Editor's Note: The safety tip for the month of June is provided by Mifflin County Communities That Care. This is an ongoing monthly series provided by CTC to help inform the public about key areas of safety concerns.
LEWISTOWN - Once again, summer has come and children are out of school. The question for some parents becomes, "Can my child stay home alone?"
Mifflin County Children and Youth wants you to keep your children safe this summer. Though neither Pennsylvania law nor the Department of Public Welfare policies specify the age at which a child can be left alone, the following guidelines may be used if the child has no physical or mental disabilities, if being left alone is not an every-day situation, and if the home and neighborhood are safe:
Pre-School: Never leave your pre-schooler alone without adult supervision.
Grade School: Can be left alone for approximately one or two hours during the day if he or she has constant access to a responsible adult, is not caring for younger children, and demonstrates the ability to be responsible and mature.
Junior High: Could be left alone for periods of time, approximately four hours, during the daytime or evening hours and can care for one or two younger children if there is constant access to a responsible adult.
High School: Can be left alone and can care for younger children unless the responsibility is too great (such as four younger children); the length of time is too long (such as all night, every night); or the teenager is not reliable and mature.
Remember that age and grade may be irrelevant when talking about a child with behavioral issues, mental health issues, physical disabilities, etc. If you are unsure about what is appropriate for your child, please call Mifflin County Children and Youth Services at 248-3994 with your questions; we are glad to provide you with information over the phone.
When you're ready to leave your child home alone for the first time, be sure to:
Consider your child's age and maturity level. For example, if your child tends to be impulsive, you should wait until he or she is older than 12 years of age. Begin with several "dry runs" where you leave your child home alone for short periods of time.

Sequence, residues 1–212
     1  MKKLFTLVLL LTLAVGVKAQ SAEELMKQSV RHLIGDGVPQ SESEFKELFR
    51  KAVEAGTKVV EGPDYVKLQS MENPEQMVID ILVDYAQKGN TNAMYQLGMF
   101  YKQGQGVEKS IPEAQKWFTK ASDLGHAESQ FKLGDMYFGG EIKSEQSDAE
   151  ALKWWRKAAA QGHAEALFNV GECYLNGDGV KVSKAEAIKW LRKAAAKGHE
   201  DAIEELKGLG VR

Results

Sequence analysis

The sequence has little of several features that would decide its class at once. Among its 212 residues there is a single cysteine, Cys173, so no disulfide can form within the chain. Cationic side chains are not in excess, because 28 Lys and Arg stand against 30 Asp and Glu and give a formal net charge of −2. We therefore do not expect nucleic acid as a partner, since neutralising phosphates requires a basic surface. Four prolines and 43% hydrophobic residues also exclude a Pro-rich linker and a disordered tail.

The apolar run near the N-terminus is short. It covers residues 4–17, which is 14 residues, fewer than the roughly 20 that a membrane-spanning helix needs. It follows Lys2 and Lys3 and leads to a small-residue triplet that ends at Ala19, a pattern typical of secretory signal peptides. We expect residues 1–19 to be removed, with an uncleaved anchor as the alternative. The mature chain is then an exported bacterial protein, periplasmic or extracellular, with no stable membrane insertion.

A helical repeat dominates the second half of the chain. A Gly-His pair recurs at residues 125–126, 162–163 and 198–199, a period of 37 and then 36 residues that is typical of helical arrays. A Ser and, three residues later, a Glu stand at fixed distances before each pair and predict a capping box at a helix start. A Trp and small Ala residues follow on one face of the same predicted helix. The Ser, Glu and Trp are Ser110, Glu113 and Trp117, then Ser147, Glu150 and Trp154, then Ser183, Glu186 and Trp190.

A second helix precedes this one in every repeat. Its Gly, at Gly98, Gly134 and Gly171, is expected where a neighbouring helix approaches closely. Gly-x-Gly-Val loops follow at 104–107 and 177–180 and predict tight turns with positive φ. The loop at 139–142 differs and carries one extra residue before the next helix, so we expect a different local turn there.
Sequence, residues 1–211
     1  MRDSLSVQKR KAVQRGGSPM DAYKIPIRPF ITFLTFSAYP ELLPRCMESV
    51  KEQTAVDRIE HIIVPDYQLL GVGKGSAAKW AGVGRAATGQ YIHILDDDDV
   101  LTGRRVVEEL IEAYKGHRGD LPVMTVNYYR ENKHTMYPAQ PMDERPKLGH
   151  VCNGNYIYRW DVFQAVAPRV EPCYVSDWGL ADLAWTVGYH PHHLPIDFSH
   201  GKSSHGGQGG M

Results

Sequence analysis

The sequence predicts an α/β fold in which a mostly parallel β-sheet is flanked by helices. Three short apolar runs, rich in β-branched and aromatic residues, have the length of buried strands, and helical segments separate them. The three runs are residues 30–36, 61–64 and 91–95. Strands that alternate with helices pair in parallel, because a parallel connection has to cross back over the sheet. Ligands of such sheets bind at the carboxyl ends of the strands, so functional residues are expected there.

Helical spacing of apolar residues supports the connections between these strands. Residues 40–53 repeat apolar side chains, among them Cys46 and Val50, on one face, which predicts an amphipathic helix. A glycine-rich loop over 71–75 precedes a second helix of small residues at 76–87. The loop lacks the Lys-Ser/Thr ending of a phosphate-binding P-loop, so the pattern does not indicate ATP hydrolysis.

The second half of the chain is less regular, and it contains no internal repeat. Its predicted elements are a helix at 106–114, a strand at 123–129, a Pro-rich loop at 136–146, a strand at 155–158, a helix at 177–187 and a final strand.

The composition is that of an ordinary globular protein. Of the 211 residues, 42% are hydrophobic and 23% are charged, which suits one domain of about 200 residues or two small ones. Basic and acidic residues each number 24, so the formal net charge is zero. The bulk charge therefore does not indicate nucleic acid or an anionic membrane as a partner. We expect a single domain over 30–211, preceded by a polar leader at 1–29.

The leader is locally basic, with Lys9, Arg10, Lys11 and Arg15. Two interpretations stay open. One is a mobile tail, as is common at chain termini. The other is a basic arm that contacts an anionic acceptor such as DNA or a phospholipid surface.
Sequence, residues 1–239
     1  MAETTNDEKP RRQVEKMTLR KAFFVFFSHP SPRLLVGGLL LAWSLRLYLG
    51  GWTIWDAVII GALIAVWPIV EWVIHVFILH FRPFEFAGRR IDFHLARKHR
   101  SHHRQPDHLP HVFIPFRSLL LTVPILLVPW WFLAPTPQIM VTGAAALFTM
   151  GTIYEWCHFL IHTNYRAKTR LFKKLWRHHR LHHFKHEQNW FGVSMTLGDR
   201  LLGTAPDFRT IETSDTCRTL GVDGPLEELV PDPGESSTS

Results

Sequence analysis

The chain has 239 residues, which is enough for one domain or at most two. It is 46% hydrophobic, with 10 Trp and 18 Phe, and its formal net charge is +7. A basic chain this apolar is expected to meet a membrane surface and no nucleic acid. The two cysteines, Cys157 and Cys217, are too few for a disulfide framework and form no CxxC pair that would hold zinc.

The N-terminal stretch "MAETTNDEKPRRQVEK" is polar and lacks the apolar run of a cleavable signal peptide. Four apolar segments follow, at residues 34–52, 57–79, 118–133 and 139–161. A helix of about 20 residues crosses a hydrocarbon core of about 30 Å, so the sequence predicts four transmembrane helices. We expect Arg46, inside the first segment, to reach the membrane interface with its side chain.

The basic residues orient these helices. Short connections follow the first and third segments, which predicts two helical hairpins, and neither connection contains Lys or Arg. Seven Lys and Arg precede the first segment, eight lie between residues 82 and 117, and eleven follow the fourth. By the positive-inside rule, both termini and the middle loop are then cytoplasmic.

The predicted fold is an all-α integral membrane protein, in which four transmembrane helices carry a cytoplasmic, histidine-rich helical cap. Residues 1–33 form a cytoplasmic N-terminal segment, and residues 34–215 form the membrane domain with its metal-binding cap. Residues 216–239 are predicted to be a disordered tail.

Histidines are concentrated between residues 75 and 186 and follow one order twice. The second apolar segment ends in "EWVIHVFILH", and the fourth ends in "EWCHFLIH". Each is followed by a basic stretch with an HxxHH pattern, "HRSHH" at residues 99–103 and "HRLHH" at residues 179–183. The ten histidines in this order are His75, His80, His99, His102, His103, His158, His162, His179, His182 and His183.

Leave a phone number where you can be reached. If possible, provide a land line in addition to your cell phone number, just in case your cell phone service is disrupted for any reason.
Call home to check on your child. If possible, make arrangements for your child to check in with you, or with a relative or neighbor, while you are out.
Be specific in discussing your expectations and how you would like your child to use his or her time. For example: Is the TV allowed? If so, are there any channels that are off-limits? Do you want your child to answer the phone? Are there any chores that should be completed before you arrive back home?
Other questions to answer include: May your child use the computer? Can your child have friends over while you're not at home? Can he or she go to other friends' houses while you're not at home?
Also make sure your home is childproof. For example: Are medications kept in a locked cabinet? Are there firearms in the home? If so, are they in a locked cabinet and/or do they have child safety locks? What could your child potentially get into that might cause harm?
Practice with your child how to handle an emergency. Talk about what your child should do in a given emergency. For example: What would you do if someone was trying to get into the house? What would you do if there were a fire?
Ask your child if he or she feels confident and ready to stay home alone. If he or she is hesitant, hire a babysitter and reconsider this issue in six months.
If you have any questions or concerns about your child staying home alone, or if you are concerned about another child being left home alone, please call Mifflin County Children and Youth Services at 248-3994. Mifflin County Children and Youth Services, along with Mifflin County Communities That Care, wish you and your family a safe, fun summer.
Jennifer Hepner is the secretary for both Mifflin County Children and Youth and Mifflin County Communities That Care.